Project of the Year Finalist, Best Green Project: Unisphere
Owner: United Therapeutics Corp.
Lead Design Firm, Structural Engineer & MEP Engineer: EwingCole
Construction Manager: The Whiting-Turner Contracting Co.
Project Management: Stranix Associates
Commissioning Authority: Cornerstone Commissioning
Green Building Consultant: Atelier Ten
Designing and building one of the largest net-zero-energy commercial towers in the U.S. on a dense downtown campus was an exercise in “detailed coordination and innovative thinking,” one Best of the Best Projects judge pointed out, but the building team’s push to achieve lofty energy performance and sustainabilty goals jibes with its biotechnology firm client’s “mission of saving lives,” according to the submission.
The 210,000-sq-ft oval Unisphere structure, which achieved a LEED Platinum rating, includes offices, clinical operations, a virtual drug development lab as well as 75,000 sq ft of structured parking, 10,000 sq ft of retail space and a 5,000-sq-ft atrium.
The project was finished two months late in 2018 due to the facility’s complexity and the amount of cast-in-place construction. “The geometry of the system was such that none of the 500-plus unitized curtain wall panels were the same shape,” says the project team. The contractor and a curtain wall consultant took multiple trips to Europe “to vet the manufacturing factory and monitor the plant’s quality-control procedures.”
The team claims better results on cost, describing the project as “significantly under budget,” although the submission did not disclose its final price tag, nor has the owner or team revealed the number in public statements.
Jared Loos, CEO of lead designer EwingCole, says the project will seek the newer LEED Zero certification when it completes a one-year performance verification period. “The team fully expects to meet the goal based on the 11 months of data collected so far,” he says.
To meet net-zero-related requirements, 15 building systems had to work in unison. System features include windows that automatically darken when outside temperatures rise and a concrete labyrinth 12 ft below the building that functions as a passive heating and cooling system.
Key to the building’s functionality are 52 geo-exchange wells drilled 500 ft into the earth that function like heat pumps. “Some of the integration strategies used on the project were so advanced that they could not be accurately modeled by current energy modeling platforms,” says Loos.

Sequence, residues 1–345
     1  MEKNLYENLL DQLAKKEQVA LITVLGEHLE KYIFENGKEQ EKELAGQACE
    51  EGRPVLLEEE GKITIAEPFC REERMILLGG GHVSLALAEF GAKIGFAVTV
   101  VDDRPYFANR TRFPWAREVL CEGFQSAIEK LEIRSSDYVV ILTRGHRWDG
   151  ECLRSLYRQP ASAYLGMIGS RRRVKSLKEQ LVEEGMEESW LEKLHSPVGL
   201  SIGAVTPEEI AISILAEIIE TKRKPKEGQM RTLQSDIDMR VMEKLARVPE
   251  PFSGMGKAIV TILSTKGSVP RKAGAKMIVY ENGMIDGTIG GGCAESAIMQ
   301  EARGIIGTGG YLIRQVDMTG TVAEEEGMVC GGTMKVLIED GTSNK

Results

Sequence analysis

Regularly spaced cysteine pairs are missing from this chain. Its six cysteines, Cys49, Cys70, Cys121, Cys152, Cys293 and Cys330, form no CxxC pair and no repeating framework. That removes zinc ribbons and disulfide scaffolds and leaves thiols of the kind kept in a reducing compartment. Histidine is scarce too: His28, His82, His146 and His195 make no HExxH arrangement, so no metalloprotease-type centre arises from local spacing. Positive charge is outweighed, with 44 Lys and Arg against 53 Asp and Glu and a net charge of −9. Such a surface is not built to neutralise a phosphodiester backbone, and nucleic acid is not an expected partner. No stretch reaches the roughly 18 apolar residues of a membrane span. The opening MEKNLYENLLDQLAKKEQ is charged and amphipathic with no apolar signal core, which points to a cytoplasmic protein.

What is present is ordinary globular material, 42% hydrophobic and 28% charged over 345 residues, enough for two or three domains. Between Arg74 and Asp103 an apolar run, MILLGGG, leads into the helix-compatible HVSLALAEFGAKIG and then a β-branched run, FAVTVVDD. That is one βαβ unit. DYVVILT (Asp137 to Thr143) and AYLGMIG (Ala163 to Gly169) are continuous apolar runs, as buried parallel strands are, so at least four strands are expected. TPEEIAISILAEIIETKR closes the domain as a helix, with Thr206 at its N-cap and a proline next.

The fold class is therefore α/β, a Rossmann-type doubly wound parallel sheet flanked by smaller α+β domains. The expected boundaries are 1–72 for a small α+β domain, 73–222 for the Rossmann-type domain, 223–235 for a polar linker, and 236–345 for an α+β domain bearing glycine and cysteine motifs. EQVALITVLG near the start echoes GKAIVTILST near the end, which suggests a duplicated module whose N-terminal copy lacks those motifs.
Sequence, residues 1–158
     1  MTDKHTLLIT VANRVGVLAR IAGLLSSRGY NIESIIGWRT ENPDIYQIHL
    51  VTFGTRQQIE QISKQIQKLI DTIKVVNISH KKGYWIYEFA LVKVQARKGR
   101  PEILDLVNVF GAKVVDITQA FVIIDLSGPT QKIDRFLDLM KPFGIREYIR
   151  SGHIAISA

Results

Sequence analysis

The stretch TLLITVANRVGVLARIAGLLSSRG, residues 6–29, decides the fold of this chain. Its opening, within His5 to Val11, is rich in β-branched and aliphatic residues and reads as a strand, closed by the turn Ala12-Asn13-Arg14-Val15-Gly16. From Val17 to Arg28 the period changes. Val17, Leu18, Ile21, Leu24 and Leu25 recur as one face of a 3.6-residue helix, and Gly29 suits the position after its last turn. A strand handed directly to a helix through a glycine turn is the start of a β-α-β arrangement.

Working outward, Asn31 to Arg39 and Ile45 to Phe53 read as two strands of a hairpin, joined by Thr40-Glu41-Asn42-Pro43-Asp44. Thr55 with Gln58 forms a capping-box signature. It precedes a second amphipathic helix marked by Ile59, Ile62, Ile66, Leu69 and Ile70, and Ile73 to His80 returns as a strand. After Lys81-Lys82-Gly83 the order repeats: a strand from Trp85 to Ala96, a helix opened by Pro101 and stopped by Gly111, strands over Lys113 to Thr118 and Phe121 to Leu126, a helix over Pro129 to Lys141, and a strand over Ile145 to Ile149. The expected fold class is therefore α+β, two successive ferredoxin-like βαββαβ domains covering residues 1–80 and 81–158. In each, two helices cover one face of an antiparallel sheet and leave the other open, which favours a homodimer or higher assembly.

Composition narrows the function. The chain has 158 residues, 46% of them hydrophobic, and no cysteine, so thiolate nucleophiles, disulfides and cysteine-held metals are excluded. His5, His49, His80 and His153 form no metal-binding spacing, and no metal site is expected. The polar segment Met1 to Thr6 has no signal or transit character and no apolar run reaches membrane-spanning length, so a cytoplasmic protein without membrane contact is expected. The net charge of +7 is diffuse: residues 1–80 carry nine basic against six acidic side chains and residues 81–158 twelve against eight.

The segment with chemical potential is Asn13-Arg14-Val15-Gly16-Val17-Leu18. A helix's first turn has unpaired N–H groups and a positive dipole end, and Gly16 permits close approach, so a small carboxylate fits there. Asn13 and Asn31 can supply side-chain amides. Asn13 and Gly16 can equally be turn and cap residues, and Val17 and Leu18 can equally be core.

A therapy pool in the building atrium absorbs excess heat and has what the team says is a unique cover that can add to usable floor space, and can also be lowered to the pool bottom.
The building also makes it easy for occupants to become sustainability stewards. Large-scale graphic installations on each floor communicate sustainable strategies in easy-to-understand terms, says the team, while an interactive, touch-screen display on the fifth floor uses real-time energy data to provide more detail. “A series of ‘what-if’ scenarios enable occupants to better understand their decisions in the context of energy performance,” says the submission.
Unmissable in the main lobby is a 40-ft-dia wall-mounted LED light installation that “provides an instantaneous snapshot of the building’s energy performance,” the team says.
To boost quality assurance, project participants integrated the controls and software components of different systems in a lab mock-up months in advance of actual implementation to ensure correct engineering and constructibility decisions and that “vendor products chosen matched the intent of the MEP design,” the team says.
Owner United Therapeutics was an active participant in the process. When Maryland law barred the team from placing geothermal wells under the building footprint, executives successfully lobbied the state legislature for a modification—contending it would also help other building owners, the team says. But politics again intervened when tariff-generated volatility in the solar panel market caused three vendors to file for bankruptcy.
In assessing the Unisphere’s operating performance, Loos rates its geo-exchange heating and cooling plant and lighting system as “better than expected.”
But he says the building’s “largest underperformer” is the facade-mounted 3,000-panel photovoltaic energy system, which was 18% below its power generation goal. Loos attributes that to now-addressed start-up problems; he expects better second-year performance numbers, emphasizing that overall improved Unisphere functionality “kept the building on track for zero net energy performance with a 15% net renewable energy export.”